Indian aircrafts in Indian skies
Likelihood in the near future.
There are very few countries in the world that have the complete know-how do design, develop and manufacture aircraft, be it military or civil. Other than few big nations like USA, Russia and China, there are small countries like UK, France, Germany and Israel that have been manufacturing and selling their aircraft including highly complex fighter aircraft.
India too belonged to this elite club way back in 1960s. The Marut (Storm God) was the first fighterbomber aircraft that was developed in the country, Kurt tank, a German being the lead designer. The aircraft, designated as HF24 (Hindustan Fighter) holds the distinction of being the first Asian jet fighter to go beyond prototype/test phase, into successful production and active service. The Indian Air Force employed 147 of these aircraft. Though envisaged to be an aircraft with supersonic capabilities, it could not be so due to non-availability of suitable engines, an issue that was limited by various
political and economic factors.
Though HAL kept on producing foreign made fighter aircraft under license production, nothing worthwhile was done to have an indigenous fighter for almost two decades. The story of Light Combat Aircraft (LCA, known as Tejas) is a sad one. The Indian government established The Aeronautical Development Agency to manage the LCA programme in 1984. The first flight took place after more than 16 years on 4 January 2001 and it was inducted in the Indian Air Force (just 5 aircraft) after another 15 years and still not in a fully operational mode.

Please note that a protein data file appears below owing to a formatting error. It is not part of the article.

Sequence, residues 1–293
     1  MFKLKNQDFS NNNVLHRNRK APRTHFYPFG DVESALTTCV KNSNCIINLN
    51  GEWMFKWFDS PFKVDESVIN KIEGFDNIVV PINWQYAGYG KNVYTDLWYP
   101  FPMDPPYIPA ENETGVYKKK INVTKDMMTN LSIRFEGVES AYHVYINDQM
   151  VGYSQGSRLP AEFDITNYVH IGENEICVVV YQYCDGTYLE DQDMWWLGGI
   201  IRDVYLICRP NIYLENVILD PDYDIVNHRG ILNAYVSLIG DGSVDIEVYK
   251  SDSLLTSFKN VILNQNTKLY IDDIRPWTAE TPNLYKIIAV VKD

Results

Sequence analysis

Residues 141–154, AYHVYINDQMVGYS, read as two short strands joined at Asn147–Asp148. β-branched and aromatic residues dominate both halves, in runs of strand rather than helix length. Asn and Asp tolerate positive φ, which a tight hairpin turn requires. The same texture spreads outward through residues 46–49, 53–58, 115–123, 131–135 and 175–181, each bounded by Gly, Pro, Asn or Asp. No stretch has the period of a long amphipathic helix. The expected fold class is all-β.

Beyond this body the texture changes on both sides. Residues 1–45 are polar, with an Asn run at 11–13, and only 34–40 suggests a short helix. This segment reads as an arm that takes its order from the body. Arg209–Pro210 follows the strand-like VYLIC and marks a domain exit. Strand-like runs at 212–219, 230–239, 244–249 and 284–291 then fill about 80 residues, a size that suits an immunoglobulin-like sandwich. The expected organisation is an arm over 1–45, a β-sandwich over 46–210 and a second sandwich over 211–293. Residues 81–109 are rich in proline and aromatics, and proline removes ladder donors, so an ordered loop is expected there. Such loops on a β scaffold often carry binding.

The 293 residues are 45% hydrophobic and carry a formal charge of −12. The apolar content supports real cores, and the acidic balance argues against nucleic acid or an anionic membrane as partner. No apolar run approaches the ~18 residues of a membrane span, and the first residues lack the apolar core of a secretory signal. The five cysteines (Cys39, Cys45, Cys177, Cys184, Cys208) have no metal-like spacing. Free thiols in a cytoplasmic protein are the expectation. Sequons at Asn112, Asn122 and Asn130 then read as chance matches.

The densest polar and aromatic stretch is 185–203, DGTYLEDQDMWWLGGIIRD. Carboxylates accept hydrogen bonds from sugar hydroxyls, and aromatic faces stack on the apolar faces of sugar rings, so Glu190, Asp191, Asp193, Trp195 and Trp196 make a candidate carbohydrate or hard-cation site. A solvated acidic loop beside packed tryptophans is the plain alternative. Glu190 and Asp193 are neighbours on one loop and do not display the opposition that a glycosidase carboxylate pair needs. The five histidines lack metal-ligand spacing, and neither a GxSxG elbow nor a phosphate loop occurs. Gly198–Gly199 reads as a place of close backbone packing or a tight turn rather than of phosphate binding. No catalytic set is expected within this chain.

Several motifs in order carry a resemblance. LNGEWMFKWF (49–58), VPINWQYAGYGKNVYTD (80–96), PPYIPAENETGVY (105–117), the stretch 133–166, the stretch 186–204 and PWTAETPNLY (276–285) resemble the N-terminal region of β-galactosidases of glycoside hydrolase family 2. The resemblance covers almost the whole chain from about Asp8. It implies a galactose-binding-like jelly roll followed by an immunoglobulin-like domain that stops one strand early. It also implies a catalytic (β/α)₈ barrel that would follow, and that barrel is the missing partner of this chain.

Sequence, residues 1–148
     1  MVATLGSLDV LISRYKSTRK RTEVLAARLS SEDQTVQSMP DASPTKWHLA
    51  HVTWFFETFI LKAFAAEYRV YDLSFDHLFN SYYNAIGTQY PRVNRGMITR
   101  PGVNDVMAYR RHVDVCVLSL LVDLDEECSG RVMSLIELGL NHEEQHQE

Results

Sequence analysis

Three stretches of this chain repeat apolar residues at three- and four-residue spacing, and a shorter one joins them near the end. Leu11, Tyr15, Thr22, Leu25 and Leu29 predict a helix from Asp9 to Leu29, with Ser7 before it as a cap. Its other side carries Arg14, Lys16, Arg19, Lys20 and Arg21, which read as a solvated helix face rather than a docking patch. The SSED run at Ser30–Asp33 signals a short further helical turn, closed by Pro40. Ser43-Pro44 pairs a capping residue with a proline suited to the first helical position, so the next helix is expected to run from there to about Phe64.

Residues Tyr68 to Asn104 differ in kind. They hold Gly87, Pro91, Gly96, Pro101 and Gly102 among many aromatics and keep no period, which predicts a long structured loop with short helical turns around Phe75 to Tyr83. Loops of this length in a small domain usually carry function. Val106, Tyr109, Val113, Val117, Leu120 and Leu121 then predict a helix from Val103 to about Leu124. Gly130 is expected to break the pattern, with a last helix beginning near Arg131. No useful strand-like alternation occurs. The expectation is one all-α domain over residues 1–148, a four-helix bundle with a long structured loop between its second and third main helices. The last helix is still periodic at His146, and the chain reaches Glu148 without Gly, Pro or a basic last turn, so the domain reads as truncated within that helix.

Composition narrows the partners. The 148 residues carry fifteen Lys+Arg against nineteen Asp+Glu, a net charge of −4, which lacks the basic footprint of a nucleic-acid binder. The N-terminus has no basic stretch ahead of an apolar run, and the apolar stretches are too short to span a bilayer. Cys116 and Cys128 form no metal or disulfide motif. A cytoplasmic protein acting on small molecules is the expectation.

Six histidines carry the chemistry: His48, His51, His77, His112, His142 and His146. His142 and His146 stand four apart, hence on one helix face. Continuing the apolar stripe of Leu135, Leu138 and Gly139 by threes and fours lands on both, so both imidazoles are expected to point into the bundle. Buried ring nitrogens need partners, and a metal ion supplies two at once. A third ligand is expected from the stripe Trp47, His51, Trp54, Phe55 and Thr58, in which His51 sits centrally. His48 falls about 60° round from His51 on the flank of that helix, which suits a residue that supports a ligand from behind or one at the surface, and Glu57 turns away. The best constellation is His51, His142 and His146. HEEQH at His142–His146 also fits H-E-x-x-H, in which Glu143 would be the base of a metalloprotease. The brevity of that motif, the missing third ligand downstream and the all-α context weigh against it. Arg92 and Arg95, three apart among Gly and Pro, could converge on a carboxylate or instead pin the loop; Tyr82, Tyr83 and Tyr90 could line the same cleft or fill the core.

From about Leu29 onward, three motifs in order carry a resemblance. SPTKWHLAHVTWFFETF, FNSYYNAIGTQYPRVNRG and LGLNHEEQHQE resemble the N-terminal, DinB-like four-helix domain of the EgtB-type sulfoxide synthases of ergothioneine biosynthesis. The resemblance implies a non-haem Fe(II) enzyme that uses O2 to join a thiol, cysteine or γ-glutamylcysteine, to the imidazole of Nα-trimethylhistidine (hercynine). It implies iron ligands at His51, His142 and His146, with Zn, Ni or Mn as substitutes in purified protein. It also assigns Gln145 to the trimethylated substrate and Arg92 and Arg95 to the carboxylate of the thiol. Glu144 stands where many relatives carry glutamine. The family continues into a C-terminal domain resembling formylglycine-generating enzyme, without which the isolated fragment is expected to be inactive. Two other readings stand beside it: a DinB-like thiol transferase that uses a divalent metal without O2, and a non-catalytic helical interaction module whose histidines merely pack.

All these decades, no attempts were made to design and develop a passenger aircraft so badly needed for the everexpanding Indian market, which has emerged as the third largest aviation market in the world. Presently, the commercial fleet consists of 550 aircraft showing an annual increase of 38% during the last three years and there are more than 650 aircraft orders with foreign manufacturers in the pipeline. And that is not the end of the growth scene!
Under the Government of India's UDAN (Ude Desh ka Aam Nagrik - let the common citizen of India fly) and Regional Connectivity Scheme, there is a plan to connect 2 and 3 tier cities by developing almost 500 airports. This would call for smaller aircraft (14-20 seater), presently not flying in the Indian skies. There appears to be a proverbial 'silver lining in the clouds,' as there are two indigenous aircraft namely Dornier and Saras that could be flying in the Indian skies under the logo of many commercial airlines.